WEB DESIGN -- Pyramid Information Structure

Longer Web Pages Should Be Designed With A Pyramid-type Structure.


Although many aspects of a webpage can reflect the traditional communication style used on the pages of a typical print-media magazine, or the chapter in a printed book, there are some critical aspects of designing a webpage that are unique to Web media. One such aspect is the strategy of using a "pyramid" information structure to communicate the content of a webpage.


With this structure, the main point made on the webpage should be included in the HTML "Title" for the page, and in the top "Heading" of the webpage body area. The "Title" can be thought of as being at the "top" of the pyramid, and the "Heading" is the next level down on the pyramid. For example on this webpage that you are viewing, the point being made in the content of this page is that a "pyramid information structure" should be used in the design of a webpage. So the words "Pyramid Information Structure" are used for the "Title" of the page as displayed on your brower's tab, and the words "Pyramid Information Structure" are also included in the top heading of this page.


On a longer webpage, the "Conclusion" to the information being presented in the webpage content/article should be presented after the heading, and represents the next level down on the pyramid. Ideally this conclusion should be no more that a paragraph in length, and can be displayed in bold type face if such bold type enhances the esthetics of the webpage. Larger type may also be used in lieu of bold type. On a shorter webpage, a sub-heading may suffice in lieu of a conclusion. Such a sub-heading has been used on this AWA7.org webpage you are now looking at.


After the conclusion, the detailed information can then be presented in the remaining body area of the webpage, using additional sub-headings as useful to hold reader attention, just as in a magazine article.



There is a logical reason for presenting the information on a webpage in the pyramid manner as described above, a layout that is different that that used in a typical magazine article. A print media magazine article is written from the premise that the prospective reader needs to be motivated to purchase the magazine. If the conclusion was presented at the beginning of the article, the reader could easily read it and then ascertain that this concluding information is all they need to know, and they may not be motivated to purchase the magazine. If the magazine has already been purchased, for example by regular subscription, the magazine publisher assumes that the reader will be motivated to read the article if they are interested in the topic. Even if the print article doesn't get read, this is no loss to the publisher as the magazine has already been paid for.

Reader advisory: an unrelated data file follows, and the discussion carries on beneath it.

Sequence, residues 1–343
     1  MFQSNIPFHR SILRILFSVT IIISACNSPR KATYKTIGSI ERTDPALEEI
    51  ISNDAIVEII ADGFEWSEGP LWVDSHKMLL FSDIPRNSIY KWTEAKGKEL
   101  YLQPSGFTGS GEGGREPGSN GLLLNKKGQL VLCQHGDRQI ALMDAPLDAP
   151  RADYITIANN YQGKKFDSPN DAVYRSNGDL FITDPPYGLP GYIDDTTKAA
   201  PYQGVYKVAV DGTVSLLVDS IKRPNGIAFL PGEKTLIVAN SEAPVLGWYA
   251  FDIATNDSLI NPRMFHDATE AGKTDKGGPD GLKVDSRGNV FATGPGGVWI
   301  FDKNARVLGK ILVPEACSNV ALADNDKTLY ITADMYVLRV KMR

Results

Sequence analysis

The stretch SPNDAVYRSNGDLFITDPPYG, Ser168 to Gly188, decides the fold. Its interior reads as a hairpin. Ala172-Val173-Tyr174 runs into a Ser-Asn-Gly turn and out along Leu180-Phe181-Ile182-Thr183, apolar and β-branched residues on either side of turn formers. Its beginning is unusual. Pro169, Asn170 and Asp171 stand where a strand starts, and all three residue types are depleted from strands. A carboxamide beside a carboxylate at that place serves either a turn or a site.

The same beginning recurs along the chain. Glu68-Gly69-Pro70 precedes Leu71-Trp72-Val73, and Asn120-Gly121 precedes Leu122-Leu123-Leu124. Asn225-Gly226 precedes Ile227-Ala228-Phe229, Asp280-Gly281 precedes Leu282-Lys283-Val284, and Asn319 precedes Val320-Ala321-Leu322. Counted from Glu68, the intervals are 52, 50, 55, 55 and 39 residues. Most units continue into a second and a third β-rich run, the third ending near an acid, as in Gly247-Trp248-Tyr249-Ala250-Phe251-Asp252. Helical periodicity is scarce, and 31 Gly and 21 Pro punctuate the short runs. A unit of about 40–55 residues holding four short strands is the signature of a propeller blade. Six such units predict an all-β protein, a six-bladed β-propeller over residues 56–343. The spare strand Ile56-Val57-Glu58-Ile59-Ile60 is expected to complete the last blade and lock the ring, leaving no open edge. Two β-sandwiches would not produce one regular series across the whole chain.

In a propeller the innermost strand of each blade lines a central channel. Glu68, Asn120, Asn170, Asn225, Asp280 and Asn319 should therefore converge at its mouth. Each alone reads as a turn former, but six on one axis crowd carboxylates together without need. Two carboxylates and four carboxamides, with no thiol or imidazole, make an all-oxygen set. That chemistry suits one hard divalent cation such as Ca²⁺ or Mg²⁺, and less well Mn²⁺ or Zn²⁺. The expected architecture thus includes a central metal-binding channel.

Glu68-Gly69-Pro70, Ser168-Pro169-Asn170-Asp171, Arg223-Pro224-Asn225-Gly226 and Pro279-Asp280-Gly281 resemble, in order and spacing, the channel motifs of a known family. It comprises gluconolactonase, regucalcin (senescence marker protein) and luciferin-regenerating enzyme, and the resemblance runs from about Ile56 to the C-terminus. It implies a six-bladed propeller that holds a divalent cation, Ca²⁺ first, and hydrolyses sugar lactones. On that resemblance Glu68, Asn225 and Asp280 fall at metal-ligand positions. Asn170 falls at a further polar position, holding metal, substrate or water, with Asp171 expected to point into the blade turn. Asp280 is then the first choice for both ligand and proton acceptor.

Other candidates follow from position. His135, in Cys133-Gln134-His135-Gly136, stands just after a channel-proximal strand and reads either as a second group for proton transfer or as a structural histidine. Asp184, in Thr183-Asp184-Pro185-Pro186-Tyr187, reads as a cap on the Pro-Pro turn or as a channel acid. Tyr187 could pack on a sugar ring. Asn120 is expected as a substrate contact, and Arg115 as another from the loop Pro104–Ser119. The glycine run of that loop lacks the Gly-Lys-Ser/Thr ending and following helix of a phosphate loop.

In contrast, on a website the information presented is typically free. What is most valuable is the site visitor's time. Most Web surfers don't spend much time looking at any one website or any one webpage. If there is a webpage that looks too wordy, or is too long, or if it looks like they will be forced to read through a whole bunch of text in order to find out what the page is trying to say, then the site visitor will most likely move on elsewhere. One click of the mouse and they are gone!  So it is imperative to let the site visitor know up-front what the content on a webpage is all about. This is presented in the heading and sub-heading or conclusion that follows. After reading this, if the site visitor is interested in the topic of the page they can then read on into the details.






Author: David Buxton


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